Another AI vs artists thread

No worries, I hate it too!

If the training dataset had more precise geometric shapes, it is very likely it would be able to handle them a lot better. Not sure whether it would be good enough though. It is sort of like faces. Each tiny mistake is very obvious to us.


Here is a video about the legal situation in the US:

I really hope I’m wrong, but I’m afraid, taking into consideration what Midjourney is capable of now, that in the next few years 99% graphics jobs will be gone… concept artists, illustrators, mate painters, web designers, 3d artists… there will be only few of them, best of the best, who will stay in the industry, but others will be gone.
Who will hire an illustrator to make 30 illustrations for a book, if A.I. may do it in just few seconds, giving all these images in different variants and when any modification of it, is possible within another few seconds…
Many things will be done by people with the best language skills and artists will not be the only ones to lose their jobs…

This is what Midjourney created for me, based on just few words…

You clearly don’t work in web design/dev if you’re worried about AI taking over that field :sweat_smile: yeah, sure, making a good-looking website is easy and computers can do it no problem (already could long before Midjourney etc). What computers can’t do is make extremely specific revisions to keep up with an ever fickle client- or two clients, with one site, and conflicting interests, which is what happens on probably 80% of the sites I work on.

See, computers are logical, and clients aren’t. Most of the time, clients ask for revisions that look bad, or they need a custom PHP script to hook the contact form to some archaic database running on an original IBM tower they had the CEO’s nephew write in the 90s. AI can make things look good, humans can make things looks the way humans want- which isn’t good, and is insanely specific.

Show me an AI generator that can understand “I want classy and elegant, but also family friendly and whimsical, and it needs to match my anthropomorphic alligator logo” - not a hypothetical, I just finished that site :wink:

The reason I get paid every day is because I can take clients’ horrifying, disgusting, disturbing design/development requests and wrangle them into something professional. This isn’t a logical process, it requires an intense understanding of the client, and there’s no way to automate it. It’s radically different for every client and every project.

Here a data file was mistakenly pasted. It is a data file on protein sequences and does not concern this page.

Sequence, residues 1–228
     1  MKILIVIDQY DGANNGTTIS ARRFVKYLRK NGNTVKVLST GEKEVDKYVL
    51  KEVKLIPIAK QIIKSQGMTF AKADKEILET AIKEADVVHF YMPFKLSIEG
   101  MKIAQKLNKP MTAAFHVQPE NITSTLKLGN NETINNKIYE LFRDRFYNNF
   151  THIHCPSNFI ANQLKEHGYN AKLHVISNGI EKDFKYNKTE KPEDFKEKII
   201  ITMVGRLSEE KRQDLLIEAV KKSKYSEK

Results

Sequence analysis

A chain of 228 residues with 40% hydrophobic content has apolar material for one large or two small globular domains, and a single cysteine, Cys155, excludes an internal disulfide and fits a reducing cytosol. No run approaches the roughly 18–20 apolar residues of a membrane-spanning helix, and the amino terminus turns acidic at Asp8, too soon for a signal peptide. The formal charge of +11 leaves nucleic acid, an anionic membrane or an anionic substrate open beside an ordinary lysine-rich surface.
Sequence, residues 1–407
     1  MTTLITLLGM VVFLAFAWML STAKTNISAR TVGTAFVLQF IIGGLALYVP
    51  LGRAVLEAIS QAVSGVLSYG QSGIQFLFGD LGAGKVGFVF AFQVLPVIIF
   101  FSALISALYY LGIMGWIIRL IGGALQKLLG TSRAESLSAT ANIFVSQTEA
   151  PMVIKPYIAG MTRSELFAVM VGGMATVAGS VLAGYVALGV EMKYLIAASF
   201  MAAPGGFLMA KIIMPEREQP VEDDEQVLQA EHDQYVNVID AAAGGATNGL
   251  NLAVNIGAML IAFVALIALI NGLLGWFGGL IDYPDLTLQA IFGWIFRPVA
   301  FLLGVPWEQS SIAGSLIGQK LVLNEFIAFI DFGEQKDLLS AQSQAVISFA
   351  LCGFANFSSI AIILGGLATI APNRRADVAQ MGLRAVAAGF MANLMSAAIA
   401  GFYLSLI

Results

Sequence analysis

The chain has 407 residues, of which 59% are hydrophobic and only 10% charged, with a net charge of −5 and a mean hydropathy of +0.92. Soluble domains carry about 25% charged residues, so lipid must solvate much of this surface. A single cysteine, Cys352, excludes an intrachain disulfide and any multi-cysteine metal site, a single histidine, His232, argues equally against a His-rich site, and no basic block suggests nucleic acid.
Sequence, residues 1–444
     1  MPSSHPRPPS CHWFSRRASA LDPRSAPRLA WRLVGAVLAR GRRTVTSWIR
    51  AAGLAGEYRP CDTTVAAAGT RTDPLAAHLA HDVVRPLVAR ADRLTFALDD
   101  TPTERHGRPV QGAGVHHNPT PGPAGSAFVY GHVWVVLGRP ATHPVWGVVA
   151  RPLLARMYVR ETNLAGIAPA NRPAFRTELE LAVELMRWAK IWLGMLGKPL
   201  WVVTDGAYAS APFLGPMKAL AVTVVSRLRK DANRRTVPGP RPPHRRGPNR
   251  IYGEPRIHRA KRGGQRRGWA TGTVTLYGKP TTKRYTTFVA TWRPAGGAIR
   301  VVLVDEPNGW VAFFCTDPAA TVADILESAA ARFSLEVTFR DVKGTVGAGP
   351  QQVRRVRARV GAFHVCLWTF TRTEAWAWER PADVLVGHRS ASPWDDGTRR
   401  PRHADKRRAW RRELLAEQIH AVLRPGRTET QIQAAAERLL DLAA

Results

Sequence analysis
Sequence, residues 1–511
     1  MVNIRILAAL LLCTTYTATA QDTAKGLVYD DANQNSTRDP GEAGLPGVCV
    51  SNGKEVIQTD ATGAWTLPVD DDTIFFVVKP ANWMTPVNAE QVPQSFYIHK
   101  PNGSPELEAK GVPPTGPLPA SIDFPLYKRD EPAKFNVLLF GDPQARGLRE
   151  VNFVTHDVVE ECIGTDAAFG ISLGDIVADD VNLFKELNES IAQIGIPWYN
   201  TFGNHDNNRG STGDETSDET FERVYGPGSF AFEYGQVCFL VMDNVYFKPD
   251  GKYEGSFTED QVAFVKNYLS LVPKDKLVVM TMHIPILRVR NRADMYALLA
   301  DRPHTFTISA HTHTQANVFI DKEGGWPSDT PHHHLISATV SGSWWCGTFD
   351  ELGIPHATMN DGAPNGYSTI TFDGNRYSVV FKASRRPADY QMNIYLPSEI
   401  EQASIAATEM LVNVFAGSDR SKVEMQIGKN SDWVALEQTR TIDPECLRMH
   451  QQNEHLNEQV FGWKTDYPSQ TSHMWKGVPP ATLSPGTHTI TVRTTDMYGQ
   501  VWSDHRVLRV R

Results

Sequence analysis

PS- my company has been using AI to write content for clients for the past five years, long before the current AI hype, so they’re not the “heads stuck in the sand” type. If what I’m describing could be automated, it would be already

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Well, as I already wrote, I hope you are right and I’m wrong…
Yes, I’m clearly a developer with over 20 years experience in Java, C#, Python, Go, Perl, Linux, Swift, JavaScript, Kotlin, iOS, Android, and so on, and so on.
And yes, I know how many fu…. up code exists in this world which no A.I. would understand.
Yes, I have worked also as web designer, that was long time, in the early 00’s, but I was tired to work with customers so I’ve focused purely on dev and I’m very happy not seeing any customers since then.
And yes, I could give many examples when dev is just a LEGO building process from existing components so I can imagine that A.I. can learn that if instructed correctly. Maybe not now but in few years definitely.
And I didn’t say that all of us will be jobless, I just think that with the assistance of A.I. one person will be able to do what now requires 10 persons.
So 9 out of 10 will be jobless not all :slight_smile: